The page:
When we arrived in Jodhpur we did not have any clue on what to expect. We had just chosen the city, as it was written in capital letters on our map, and because it was on the way on our route up North. When we arrived in the city we were immediately glad that we had put the city on our itinerary. The big market by the old clock tower was swarming with people. Some were selling, some buying, others fixing things and some, like us, were there for the sake of observing. Since our expectations had been low, we were quite impressed of what the city had to offer. We attended a dance show, got our shoes fixed at the market and had dinner on a rooftop with good view of the fortress above the city. It was a city well worth visiting, on the way between Udaipur and Pushkar.
The second stop was in Ranakpur, where the famous marble Jain temple is located. After being at the architectural masterpiece of the Krumbalgarh Fort, the Renakpur temples were not that impressing, but we found a painted elephant, which we were quite amused of. The park area around the temple also had a good atmosphere, and was a nice place to stop for a chai break, before we drove 5 hours non-stop to Jodhpur.
Udaipur is known as the romantic city of India, and is also the place where the James Bond movie Octapussy was filmed. This movie was shown in many of the hotels, guest houses and rooftop restaurants along the Lake Pichola, which is also the place you can see the famous Lake Palace (picture above).
As adventurous as we were, we had not booked a hotel in advance, something we highly came to regret. Because of the annual “international” kite festival, most of the hotels were fully booked, and we had to go for a hotel recommended by the rickshaw driver (which is not very smart, as the drivers usually get an allowance added to your hotel bill). It was one of the most expensive hotels we had stayed at, and certainly one of the worst, but we were too tired to keep looking and settled for what we were offered. Since several posters and books had boosted about the “huge” kite festival that was happening right by our hotel, we decided to dress up in traditional Indian outfits, and check it out.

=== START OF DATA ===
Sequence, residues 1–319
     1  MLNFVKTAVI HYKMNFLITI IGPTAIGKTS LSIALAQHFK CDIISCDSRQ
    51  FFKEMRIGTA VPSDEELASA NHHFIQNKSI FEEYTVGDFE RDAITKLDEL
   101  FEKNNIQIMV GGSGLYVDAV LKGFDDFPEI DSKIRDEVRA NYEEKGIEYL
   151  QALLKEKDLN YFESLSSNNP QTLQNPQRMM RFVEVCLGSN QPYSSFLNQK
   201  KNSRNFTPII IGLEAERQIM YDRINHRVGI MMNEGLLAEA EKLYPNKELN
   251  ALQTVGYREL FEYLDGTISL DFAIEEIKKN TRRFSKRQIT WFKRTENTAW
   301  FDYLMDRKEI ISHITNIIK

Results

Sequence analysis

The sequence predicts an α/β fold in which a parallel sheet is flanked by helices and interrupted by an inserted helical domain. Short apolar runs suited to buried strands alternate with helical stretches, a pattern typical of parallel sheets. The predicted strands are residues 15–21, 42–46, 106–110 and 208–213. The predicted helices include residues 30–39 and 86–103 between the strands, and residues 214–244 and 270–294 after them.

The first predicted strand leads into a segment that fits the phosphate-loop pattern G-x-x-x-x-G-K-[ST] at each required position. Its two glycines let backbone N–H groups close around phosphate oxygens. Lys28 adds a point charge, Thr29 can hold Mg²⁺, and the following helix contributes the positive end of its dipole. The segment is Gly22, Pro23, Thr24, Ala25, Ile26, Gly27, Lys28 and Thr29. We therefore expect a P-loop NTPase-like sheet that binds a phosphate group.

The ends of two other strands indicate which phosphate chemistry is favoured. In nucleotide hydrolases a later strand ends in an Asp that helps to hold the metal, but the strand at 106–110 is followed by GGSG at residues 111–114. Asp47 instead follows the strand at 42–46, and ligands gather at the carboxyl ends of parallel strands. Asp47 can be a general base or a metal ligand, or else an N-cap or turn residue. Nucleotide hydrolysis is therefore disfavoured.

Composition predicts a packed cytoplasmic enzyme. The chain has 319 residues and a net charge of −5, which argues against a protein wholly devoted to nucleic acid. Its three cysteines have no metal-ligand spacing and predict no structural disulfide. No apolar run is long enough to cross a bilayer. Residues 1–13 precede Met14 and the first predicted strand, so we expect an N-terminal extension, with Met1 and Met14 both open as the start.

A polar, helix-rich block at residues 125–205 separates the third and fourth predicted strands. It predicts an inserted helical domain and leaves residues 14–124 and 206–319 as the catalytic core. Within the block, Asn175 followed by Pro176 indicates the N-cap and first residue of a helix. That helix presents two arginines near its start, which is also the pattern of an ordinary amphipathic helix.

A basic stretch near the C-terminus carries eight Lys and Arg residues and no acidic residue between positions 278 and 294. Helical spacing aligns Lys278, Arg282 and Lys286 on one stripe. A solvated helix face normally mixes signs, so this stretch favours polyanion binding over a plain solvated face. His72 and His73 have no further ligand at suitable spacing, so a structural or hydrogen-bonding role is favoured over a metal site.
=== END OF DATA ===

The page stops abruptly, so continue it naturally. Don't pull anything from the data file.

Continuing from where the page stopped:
A soon as we left the doors, people gave us fascinated looks, and soon as many as thirty people were accompanying us to get pictures and autographs. When we and our tail of locals reached the festival area, we were surrounded by people took pictures and wanted to shake our hands. It became clear to us that foreigners in Indian clothes was a big fascination to the locals, but for us it became too much. Just minutes of being at the festival area, we had to retreat to our hotel, desperately trying to force our way through the gathering crowd. It might sound very extreme, but this was the reality in Ahmedabad. Even though the kite festival is recommended by Lonely Planet, it did not seem to great to us the short time we spent there.
The high speed and the many curves gave us quite a sick stomach and enough near death experiences for a day, but as soon as we got to the hill top station, it was all forgotten because of the sight that met us. With the spectacular view there were bright green tea plants as far as the eye could see. We also got to stop to see how the tea was harvested and produced, and to get a taste of a freshly made cup of chai (the most popular tea in India).